This region that we call home has many wonderful qualities. In addition to the stunning environment, our coastal community includes thriving local businesses, strong educational institutions, varied cultural resources, and an active citizenry. It’s no wonder we take such pride in our communities.
That community pride has been on display during this difficult year. We have responded to the COVID-19 pandemic, the racial justice crisis, and the climate-change-powered wildfires with exceptional resilience and compassion.
But these challenges have made it clear that the time to invest in equity and clean energy alternatives is now. Creating car-free transportation options is one way to do that. We can do more than react to disasters. With courage and creativity, we can improve conditions for our diverse communities.
Coast Connect is the initiative to improve transportation equity and sustainability in our county. Developed by the Santa Cruz County Friends of the Rail & Trail, and endorsed by hundreds of individuals, businesses and community groups, Coast Connect is a vision for a transformed transportation system in our county, one that will provide an alternative to the expense and environmental damage of car dependence.
This vision begins with leveraging our under-utilized rail corridor into a multi-functional north-to-south transportation spine, including both a trail and a passenger rail service. The trail is under construction now and will connect more than half of the county’s population from Davenport to Watsonville. It will provide safe access to dozens of parks, schools and businesses.
Next to the trail, passenger rail service between Watsonville and Santa Cruz will connect our county, giving residents a clean, quiet, reliable alternative to Highway 1 traffic. Rail connections at Watsonville/Pajaro Junction will give us car-free access to destinations beyond our county. Synchronized local buses and shuttles will create smooth connections at the rail stops.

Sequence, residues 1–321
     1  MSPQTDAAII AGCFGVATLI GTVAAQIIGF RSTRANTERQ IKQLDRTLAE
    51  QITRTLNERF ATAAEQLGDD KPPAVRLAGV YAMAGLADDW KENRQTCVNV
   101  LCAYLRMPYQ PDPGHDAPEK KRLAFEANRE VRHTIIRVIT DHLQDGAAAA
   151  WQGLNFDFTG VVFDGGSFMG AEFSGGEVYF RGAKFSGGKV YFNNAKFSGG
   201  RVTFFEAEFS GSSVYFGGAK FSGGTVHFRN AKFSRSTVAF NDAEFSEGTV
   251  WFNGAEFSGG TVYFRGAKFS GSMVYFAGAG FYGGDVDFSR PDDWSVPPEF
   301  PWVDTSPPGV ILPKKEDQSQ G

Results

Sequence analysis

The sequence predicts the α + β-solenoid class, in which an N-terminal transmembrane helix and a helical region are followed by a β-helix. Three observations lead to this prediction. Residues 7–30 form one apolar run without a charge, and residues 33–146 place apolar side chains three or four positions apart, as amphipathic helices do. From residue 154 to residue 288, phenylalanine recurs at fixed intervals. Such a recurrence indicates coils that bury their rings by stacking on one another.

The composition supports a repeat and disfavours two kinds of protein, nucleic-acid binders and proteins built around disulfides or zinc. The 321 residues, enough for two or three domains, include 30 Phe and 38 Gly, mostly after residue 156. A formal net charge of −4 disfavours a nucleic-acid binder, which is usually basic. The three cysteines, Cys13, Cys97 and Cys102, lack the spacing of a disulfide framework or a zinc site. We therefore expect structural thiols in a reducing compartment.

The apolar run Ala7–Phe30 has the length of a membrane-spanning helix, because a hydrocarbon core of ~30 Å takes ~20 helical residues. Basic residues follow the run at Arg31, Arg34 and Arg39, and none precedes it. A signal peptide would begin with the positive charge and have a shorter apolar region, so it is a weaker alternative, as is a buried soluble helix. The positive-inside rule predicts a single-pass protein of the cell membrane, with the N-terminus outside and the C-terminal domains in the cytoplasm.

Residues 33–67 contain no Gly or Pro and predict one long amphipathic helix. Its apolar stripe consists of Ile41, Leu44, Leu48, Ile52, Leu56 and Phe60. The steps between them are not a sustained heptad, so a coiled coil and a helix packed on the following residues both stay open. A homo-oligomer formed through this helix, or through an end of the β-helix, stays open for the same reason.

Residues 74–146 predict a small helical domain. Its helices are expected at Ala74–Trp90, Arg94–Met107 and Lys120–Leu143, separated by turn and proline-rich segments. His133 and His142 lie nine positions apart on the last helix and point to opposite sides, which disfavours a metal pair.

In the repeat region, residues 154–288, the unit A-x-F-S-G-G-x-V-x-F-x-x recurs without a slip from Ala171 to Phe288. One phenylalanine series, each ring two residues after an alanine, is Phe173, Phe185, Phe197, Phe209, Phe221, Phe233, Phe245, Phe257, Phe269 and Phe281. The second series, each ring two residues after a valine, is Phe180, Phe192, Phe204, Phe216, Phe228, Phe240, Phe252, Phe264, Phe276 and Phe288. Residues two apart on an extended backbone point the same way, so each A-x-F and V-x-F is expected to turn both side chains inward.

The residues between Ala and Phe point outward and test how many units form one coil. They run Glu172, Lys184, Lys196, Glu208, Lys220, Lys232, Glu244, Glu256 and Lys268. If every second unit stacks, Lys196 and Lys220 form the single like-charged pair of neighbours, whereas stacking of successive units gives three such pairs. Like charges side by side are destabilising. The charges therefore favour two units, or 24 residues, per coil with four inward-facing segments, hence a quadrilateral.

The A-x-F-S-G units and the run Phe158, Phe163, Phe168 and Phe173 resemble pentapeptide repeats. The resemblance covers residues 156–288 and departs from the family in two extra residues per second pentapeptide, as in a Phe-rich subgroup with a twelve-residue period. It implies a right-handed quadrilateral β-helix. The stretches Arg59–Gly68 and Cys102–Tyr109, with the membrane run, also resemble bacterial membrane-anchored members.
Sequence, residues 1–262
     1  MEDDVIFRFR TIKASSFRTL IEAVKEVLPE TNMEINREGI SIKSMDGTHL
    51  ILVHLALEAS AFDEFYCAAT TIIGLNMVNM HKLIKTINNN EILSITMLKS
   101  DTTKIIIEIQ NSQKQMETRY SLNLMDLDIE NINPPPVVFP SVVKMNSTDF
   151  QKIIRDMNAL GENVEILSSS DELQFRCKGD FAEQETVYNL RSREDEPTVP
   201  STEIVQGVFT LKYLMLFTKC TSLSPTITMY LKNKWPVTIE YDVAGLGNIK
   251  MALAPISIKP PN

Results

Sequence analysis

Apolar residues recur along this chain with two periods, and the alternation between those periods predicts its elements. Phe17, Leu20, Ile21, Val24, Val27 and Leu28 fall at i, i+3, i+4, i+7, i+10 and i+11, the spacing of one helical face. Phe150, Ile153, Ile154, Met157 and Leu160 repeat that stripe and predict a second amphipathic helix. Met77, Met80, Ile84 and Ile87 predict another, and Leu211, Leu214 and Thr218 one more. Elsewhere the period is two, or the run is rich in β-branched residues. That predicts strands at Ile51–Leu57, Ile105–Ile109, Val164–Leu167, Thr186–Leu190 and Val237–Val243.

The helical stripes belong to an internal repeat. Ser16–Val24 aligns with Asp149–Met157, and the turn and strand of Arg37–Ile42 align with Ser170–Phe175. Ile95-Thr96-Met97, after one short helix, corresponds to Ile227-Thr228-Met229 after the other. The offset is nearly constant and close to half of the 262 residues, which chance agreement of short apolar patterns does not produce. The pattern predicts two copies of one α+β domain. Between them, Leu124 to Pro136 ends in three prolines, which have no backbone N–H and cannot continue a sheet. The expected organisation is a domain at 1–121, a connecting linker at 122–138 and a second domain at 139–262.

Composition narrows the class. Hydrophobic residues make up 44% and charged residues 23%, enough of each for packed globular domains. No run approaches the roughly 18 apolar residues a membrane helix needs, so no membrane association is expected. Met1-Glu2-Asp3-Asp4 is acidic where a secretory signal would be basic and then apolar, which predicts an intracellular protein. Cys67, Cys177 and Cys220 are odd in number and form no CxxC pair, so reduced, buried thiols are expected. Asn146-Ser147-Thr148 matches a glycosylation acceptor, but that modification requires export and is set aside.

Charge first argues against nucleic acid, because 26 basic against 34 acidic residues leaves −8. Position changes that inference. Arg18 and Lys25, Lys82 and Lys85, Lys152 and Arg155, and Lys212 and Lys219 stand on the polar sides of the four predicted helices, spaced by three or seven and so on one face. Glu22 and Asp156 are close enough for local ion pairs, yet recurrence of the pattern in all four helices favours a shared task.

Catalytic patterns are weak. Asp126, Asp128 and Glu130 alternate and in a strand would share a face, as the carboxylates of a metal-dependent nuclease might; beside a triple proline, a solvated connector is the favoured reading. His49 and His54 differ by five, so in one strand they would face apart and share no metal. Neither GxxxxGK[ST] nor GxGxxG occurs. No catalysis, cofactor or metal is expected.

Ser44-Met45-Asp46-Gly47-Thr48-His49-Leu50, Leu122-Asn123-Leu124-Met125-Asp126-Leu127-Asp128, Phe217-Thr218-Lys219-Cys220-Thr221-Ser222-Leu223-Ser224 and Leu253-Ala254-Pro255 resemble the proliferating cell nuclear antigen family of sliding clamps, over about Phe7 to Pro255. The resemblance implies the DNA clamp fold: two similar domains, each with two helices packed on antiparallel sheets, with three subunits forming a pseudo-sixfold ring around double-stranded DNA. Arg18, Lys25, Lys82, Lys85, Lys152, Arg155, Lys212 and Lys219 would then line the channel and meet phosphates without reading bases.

Finally, a network of safe streets, with complete sidewalks and bike lanes, will give bicyclists, scooters, pedestrians, and others a way to safely move between neighborhoods and connect to the rail corridor.
Slow Streets activist Greg Larson notes, “Safe streets will encourage more people to walk and bike to nearby destinations.”
Gina Cole, Executive Director of Bike Santa Cruz County, points out, “Bike lanes leading to and from passenger rail would allow people to commute safely by bike-rail-bike.”
This vision is already finding support in the local business community. John Caletti of Caletti Cycles says, “This is not just about building a direct, car-free cross town connection, but it’s a key piece in addressing the climate crisis, housing crisis, and social justice connectivity issues.”
A 40-minute rail ride from Watsonville to Santa Cruz will empower South County residents. Lifetime county resident Faina Segal recalls, ”Growing up in Watsonville, so many of the opportunities I needed were in North County. Unless you have a car and parent to drive you, those opportunities are not available. Rail service would change that.”